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Good people, bad people
On her first day in office, Alberta’s Danielle Smith became the first Canadian premier to say what everyone already knows, but will not admit. She noted that the unvaccinated were “the most discriminated-against group” that she’s ever witnessed. We saw this through a coordinated political and media campaign that included regular reminders of the unvaccinated’s excommunicato recapiendo status, open and enthusiastic segregation, and general disdain and derision. Not to mention aggressive calls for the denial of health care for the group. In short, not only were the unvaccinated discriminated against, but the discriminators enjoyed doing so.
Listen, people discriminate, that’s a fact of life in everything from the dating market to the court room. I could at least understand the people who admit there was discrimination if their justifications weren’t so weak. But there are actually people in this country that pretend there was no discrimination.
Broadly, these people come in two types: the ones that argue being unvaccinated is a choice and the ones that claim some whataboutist argument to make themselves feel better.
One would imagine the first argument is not a road these people want to go down. There are many protected choices in Canada. Religion is the prime example, but there are other protected cases that involve, to some extent, choice including marital status, sex (in regards to childbirth), gender identity or expression, and creed (in most Canadian provinces). Additionally, the right to refuse care purportedly exists in the Canadian health care system. Given the recent increase in Medical Assistance in Dying, the system’s attempt to skirt around this right should cause people to pause.
The claim that discrimination cannot occur in the presence of choice requires a devotion to postmodernity that is a ubiquitous feature of the new normal that ensnares us. We’ve seen new definitions of old language in other phases of the pandemic. The most obvious of these examples has been the repurposing of the word “lockdowns” to mean an act where we all isolate, in perpetuity, as part of a worthy self-sacrifice in society’s effort to eradicate the virus. Prior to 2020, lockdowns were primarily used in prison when the occupants were bad. In the end, there isn’t much use arguing with people that are frivolously redefining words, and understanding their motives is even more difficult. Suffice it to say, they are committed to the cause, and the cause does not require truth to be true.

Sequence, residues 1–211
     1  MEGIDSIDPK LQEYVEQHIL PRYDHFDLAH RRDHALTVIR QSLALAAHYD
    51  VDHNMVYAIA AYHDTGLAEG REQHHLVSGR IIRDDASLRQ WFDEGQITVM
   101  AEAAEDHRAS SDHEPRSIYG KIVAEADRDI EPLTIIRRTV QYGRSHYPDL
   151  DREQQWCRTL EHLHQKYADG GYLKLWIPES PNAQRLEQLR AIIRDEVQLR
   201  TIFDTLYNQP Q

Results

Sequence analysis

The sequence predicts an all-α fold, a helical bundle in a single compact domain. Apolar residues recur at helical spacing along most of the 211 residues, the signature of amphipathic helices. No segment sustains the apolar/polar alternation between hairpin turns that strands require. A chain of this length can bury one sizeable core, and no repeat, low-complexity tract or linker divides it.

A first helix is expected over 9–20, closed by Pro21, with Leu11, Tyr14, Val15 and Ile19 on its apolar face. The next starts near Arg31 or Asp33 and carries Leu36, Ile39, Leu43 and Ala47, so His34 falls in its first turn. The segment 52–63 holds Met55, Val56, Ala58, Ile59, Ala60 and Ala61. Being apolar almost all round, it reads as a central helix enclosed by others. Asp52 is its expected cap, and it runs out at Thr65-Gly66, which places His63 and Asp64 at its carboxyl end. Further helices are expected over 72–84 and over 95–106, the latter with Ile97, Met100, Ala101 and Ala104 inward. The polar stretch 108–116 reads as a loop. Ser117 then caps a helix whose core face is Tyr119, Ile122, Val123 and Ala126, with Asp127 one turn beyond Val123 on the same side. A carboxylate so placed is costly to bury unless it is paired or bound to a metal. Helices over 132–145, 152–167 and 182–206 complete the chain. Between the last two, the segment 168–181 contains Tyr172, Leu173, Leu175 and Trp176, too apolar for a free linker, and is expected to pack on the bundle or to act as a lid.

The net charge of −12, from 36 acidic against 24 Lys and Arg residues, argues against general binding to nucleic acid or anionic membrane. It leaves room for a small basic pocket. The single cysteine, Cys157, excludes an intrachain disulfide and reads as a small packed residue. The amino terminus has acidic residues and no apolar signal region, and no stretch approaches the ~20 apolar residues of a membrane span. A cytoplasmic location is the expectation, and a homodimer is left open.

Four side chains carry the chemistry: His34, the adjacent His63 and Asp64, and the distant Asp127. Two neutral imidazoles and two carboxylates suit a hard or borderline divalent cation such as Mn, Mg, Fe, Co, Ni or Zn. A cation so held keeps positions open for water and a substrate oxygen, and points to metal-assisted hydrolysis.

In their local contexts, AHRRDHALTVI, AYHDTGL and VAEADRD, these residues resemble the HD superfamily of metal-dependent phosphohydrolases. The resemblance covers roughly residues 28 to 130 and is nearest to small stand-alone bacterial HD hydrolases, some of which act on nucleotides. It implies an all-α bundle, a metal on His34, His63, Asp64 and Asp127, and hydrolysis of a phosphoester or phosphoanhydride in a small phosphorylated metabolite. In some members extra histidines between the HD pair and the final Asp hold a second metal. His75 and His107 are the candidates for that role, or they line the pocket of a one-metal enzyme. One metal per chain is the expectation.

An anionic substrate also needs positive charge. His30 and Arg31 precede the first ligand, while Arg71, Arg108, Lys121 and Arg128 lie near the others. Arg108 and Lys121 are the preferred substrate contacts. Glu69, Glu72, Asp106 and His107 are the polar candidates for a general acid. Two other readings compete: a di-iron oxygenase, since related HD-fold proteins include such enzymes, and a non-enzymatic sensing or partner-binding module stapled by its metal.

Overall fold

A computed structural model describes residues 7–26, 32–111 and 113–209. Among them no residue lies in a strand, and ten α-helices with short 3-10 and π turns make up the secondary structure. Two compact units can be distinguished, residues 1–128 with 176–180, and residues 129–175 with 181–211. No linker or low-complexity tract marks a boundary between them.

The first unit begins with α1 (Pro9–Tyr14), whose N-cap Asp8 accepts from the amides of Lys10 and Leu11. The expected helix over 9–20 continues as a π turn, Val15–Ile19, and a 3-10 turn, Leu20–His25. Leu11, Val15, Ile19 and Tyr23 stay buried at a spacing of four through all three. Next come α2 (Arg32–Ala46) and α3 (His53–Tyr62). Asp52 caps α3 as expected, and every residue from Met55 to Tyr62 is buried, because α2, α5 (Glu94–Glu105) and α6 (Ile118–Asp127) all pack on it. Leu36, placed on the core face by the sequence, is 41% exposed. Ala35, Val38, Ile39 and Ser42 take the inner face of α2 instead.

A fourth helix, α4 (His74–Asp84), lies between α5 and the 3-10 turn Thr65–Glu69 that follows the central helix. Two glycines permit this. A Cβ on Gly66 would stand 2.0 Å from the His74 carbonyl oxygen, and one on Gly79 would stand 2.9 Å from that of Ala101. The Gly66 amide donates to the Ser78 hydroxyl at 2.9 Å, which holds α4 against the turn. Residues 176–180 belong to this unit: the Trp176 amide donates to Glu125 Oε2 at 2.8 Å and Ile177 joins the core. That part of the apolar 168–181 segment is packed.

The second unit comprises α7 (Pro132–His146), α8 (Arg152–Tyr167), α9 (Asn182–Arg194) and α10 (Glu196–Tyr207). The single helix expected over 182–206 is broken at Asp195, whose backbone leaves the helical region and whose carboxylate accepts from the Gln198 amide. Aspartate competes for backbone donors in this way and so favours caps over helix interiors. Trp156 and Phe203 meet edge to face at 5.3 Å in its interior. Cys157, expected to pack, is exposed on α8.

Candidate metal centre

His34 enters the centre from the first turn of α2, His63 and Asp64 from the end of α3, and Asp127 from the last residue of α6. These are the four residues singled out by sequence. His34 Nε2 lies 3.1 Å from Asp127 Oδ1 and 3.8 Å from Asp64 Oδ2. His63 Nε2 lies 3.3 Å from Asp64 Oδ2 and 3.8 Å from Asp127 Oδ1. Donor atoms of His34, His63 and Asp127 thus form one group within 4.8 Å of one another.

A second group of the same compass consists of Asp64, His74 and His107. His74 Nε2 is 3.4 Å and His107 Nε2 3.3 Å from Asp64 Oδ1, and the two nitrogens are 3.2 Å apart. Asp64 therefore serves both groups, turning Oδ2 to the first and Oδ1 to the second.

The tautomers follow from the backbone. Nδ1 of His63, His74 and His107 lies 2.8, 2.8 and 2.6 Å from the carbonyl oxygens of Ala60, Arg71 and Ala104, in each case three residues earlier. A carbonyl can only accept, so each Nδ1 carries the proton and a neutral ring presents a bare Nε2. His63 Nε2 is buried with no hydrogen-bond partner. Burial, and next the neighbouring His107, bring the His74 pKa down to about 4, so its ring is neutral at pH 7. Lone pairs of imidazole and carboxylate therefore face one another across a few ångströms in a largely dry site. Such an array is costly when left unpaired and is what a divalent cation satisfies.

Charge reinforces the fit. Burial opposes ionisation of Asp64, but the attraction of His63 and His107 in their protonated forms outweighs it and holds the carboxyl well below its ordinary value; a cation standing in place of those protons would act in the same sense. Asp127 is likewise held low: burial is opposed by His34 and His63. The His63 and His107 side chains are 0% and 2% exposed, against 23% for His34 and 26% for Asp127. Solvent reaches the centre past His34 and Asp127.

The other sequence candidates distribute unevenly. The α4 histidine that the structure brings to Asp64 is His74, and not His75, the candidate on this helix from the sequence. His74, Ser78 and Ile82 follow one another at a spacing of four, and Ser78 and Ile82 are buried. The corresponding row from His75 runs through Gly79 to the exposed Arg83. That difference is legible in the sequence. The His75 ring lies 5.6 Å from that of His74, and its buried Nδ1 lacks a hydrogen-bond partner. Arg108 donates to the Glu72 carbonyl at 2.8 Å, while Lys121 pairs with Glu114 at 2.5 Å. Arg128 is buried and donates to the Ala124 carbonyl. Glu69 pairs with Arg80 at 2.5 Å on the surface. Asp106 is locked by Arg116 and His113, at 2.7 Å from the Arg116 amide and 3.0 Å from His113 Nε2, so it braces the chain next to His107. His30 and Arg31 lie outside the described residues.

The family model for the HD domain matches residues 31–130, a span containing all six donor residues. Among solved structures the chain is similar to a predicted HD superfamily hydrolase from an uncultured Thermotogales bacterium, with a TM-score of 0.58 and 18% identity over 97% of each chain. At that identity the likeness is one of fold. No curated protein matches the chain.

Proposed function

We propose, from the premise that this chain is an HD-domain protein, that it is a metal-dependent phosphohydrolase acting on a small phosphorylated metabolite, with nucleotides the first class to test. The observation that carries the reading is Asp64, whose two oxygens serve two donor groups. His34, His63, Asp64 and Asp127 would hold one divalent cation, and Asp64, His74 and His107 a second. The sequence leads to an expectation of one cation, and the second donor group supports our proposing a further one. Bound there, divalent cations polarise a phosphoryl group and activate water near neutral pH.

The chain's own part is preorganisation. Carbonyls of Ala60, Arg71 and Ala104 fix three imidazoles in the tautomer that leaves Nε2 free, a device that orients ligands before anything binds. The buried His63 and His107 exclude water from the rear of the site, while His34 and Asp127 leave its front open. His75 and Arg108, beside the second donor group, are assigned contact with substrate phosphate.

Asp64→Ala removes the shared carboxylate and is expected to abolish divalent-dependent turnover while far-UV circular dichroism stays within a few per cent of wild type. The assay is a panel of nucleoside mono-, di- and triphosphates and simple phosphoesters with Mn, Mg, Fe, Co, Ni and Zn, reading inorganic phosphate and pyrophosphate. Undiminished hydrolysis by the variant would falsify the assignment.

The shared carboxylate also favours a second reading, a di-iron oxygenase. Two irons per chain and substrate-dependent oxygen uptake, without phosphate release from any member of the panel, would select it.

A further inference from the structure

The second argument is even more ridiculous. See this tweet by the leader of Alberta’s opposition party, Rachel Notley:
In short, Notley is saying that concern over the state-sanctioned discrimination of the past is mutually exclusive to concern over contemporary state-sanctioned discrimination. She doesn’t believe this, of course, and would be happy to point to any slight, real or imagined, against a political class that aligns with the current thing. Indeed, many of the high-minded, true believer types routinely use this argument at every opportunity.
The argument usually begins with some straw man event to show that someone, somewhere, at sometime has had it worse than the unvaccinated. If we were to follow the logic to its conclusion, there has only been one discriminatory event in human history because nothing else is discrimination unless it meets the pre-requisite of being the worst situation in human history. The worst situation in human history is whatever is on the first line of the last history book they read.
Fascinatingly, the high-minded types don’t really try to disprove the occurrence of discrimination; rather, they are concerned with minimizing it to the point where the unvaccinated look petty to complain. Concurrently, the high-minded types showcase what good people they are (pretending to be).